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‘Suicide Squad’ Is Not Really a Movie (Commentary)

Not everything captured as a moving picture counts as cinema

(Warning. There are spoilers for “Suicide Squad” contained in this column.)

There are movies, and then there are things you record as a sequence of photos that when displayed in quick succession will show you an event that took place in motion.

Security camera footage isn’t a movie. A football game you watch on TV isn’t a movie. A sex tape isn’t a movie. A movie trailer isn’t a movie.

And “Suicide Squad” isn’t a movie.

A movie, at its most basic level, has to function a certain way. We’ve been watching movies for so long that most people take those fundamentals for granted or don’t even realize they’re there.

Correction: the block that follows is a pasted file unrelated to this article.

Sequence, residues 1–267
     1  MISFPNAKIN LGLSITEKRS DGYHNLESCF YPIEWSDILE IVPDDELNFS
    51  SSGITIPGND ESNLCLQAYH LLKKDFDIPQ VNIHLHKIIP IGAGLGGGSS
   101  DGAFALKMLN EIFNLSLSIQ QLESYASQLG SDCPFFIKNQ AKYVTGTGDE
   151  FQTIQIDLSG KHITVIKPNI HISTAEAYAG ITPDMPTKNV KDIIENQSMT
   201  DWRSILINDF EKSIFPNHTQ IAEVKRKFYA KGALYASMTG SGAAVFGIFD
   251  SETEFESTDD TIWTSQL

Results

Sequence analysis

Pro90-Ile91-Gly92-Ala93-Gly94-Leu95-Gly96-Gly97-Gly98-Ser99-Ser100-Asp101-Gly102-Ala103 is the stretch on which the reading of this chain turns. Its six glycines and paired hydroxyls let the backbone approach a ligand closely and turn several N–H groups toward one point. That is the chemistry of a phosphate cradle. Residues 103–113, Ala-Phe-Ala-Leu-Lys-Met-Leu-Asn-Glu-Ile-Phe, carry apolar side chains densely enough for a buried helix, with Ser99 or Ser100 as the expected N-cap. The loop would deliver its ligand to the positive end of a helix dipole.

We refer to that fundamental aspect of cinema as its language. It’s how we understand what’s going on when the camera cuts from one person to another within a scene, or when one scene transitions to the next, or how every scene eventually adds up to form the whole thing.

There’s a tremendous amount of flexibility in that language — that’s why there’s also a tremendous amount of variety in cinema overall. At the end of the day, Terrence Malick is playing by the same rules Michael Bay is. They just have different accents and use their own colloquial phrasings. Just like how an American and English person will speak English differently than each other even though they’re using the same language. Movies from Malick and Bay may have very different ideas for how to deliver a narrative in a movie, but they’re both speaking fluent film.